As we begin to understand these Gospel accounts we find that they are complimentary and speak of all those things which Lent, Mothering Sunday and Refreshment Sunday express. And it is this: Any experience of a close and loving and committed relationship is at some time or another going to demand of us a costly love. The Gospel message swings between love as consolation and as desolation. Any mother or father or husband, wife or lover knows how painful it is to have to have to relinquish, to let go or to suffer the death of one who has been our life and our love. Such an experience strikes at the very heart of what we are. For parents this might commonly involve the son or the daughter who leaves home as a young adult and away from the childhood home, just like the Victorian child servant. Equally there are times when the young, having ‘fled the nest’ themselves feel homesick and very alone. For others in middle age there may come the death of a parent or parents. For some, the break-up of a past relationship continues to be painful and some of its effects do not seem to be relieved with the passing of time. For the elderly there are the many little and bigger losses that come with encroaching frailty and the loss of faculties once taken for granted, and of the deaths of contemporaries.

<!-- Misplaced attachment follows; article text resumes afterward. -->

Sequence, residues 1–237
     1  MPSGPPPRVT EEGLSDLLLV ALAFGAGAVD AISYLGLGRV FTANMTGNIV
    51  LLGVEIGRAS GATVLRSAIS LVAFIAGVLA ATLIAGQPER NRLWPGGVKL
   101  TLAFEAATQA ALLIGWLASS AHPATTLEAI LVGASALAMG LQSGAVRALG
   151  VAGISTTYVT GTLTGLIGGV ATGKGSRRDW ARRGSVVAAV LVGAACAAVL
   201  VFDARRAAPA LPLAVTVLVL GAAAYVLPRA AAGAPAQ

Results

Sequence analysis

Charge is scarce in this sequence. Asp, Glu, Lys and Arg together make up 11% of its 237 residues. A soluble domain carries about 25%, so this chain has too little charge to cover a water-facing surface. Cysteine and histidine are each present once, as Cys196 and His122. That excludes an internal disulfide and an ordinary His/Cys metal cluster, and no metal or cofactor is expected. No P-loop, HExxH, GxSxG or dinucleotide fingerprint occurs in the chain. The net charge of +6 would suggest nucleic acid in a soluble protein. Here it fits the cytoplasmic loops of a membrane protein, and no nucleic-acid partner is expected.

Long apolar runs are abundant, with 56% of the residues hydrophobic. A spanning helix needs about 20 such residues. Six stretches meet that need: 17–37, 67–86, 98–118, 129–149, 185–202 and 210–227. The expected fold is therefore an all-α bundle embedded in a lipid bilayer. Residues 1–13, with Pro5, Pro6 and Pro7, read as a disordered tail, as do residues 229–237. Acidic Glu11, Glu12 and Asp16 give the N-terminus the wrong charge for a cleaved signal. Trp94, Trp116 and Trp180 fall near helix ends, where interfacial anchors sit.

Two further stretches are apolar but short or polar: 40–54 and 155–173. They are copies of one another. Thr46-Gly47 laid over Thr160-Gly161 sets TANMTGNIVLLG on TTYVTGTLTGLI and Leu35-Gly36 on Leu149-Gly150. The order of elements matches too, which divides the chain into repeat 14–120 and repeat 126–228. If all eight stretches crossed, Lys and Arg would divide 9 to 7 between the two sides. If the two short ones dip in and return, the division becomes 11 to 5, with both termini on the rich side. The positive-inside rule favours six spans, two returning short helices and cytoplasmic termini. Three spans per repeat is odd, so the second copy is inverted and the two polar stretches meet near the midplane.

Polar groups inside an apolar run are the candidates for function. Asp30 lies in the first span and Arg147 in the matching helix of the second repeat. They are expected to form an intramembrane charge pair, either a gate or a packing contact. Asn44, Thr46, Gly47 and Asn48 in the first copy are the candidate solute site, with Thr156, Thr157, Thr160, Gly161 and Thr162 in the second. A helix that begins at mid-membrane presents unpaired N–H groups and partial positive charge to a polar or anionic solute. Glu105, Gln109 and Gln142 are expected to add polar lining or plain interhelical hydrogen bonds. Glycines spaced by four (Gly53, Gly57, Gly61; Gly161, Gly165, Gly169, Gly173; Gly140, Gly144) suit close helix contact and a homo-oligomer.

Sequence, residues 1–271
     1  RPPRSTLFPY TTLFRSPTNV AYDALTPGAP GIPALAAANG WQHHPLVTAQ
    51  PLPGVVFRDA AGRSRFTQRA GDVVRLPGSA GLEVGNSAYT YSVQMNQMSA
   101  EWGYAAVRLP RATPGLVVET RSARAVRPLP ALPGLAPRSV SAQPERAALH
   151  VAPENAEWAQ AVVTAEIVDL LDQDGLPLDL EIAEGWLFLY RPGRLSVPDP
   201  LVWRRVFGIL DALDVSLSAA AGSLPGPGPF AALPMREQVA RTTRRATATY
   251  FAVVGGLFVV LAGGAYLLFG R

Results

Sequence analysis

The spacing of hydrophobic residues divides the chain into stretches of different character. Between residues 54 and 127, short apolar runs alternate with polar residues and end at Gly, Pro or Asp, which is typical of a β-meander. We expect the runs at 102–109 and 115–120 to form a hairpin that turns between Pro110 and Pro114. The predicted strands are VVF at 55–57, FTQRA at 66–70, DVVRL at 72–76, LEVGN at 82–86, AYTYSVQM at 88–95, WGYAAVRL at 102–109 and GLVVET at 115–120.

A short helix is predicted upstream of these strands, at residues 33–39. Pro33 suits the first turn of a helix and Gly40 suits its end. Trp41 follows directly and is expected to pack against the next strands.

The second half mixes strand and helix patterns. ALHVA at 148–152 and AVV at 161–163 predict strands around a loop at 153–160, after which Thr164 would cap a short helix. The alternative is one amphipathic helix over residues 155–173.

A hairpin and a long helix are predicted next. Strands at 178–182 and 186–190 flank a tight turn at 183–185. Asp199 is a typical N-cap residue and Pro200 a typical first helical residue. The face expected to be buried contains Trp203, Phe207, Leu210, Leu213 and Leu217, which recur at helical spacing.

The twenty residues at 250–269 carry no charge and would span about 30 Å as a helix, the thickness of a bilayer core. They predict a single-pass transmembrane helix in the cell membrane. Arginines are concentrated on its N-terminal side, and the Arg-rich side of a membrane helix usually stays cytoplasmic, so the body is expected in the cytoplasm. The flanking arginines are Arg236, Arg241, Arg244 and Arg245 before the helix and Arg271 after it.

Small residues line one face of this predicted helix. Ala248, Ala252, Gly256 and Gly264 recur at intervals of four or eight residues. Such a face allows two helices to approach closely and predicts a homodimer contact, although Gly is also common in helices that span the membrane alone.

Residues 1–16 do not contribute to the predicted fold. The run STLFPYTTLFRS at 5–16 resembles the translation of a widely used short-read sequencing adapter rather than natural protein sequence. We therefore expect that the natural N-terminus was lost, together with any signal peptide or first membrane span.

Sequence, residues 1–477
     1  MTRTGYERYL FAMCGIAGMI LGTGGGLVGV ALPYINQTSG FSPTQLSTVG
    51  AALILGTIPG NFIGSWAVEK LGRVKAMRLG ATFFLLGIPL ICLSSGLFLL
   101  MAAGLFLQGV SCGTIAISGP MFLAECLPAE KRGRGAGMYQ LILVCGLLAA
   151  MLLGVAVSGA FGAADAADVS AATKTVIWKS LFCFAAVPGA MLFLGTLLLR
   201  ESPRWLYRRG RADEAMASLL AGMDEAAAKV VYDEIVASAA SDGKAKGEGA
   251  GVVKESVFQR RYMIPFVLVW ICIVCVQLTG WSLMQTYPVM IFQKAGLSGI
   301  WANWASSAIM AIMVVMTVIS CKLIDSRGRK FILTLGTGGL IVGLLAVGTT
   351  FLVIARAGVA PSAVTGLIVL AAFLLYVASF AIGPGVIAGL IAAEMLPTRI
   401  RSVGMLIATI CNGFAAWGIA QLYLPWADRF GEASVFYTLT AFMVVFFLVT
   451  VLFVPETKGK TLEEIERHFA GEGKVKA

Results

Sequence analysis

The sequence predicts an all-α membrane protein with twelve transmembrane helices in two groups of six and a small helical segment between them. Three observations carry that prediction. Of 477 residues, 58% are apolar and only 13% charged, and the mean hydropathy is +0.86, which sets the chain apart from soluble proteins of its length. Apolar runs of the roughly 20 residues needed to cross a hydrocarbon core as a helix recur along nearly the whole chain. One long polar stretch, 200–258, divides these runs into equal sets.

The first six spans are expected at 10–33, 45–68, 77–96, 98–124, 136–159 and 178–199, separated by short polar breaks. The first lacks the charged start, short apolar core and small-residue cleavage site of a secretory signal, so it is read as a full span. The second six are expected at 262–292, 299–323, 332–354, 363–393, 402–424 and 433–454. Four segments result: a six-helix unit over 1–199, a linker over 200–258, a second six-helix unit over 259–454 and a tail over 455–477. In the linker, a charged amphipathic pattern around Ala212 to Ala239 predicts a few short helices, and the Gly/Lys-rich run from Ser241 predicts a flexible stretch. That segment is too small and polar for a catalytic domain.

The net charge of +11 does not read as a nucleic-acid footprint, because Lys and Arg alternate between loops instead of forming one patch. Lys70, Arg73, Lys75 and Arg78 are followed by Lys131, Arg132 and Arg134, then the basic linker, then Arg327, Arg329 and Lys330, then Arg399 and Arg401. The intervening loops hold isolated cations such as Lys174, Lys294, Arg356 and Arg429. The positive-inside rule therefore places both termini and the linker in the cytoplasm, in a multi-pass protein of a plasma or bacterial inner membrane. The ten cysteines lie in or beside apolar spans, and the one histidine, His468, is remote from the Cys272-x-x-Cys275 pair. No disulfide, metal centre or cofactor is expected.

The two Gospels offered allow for an understanding of human loving which inevitably involves pain. But this is not to be the end of the matter. We are reminded that, even from the Cross, our Saviour Jesus Christ offers new life and proclaims aloud that even out of great sadness and even death, the possibility of new relationships and new understandings and new hope is being promised by the dying Saviour on the Cross. ‘Behold thy Mother’; ‘Behold thy Son’. In the Cross life and death mixes and merges in the one sacrifice. God’s life and our lives and loves mix and merge in the one faith, the one hope and the one love. In the same vein the prayer for the mixing of wine and water at the Eucharistic Offering outlines Christ’s sacrifice for a deepening of trust in the outpouring of time with the healing of wounds. ‘By the mystery of this water and wine may we come to share in the divinity of Christ, who humbled himself to share in our humanity’. This is a prayer which perfectly betokens the love of God as one which is always offered to share. The promise of this sharing is that it will be renewing and transforming.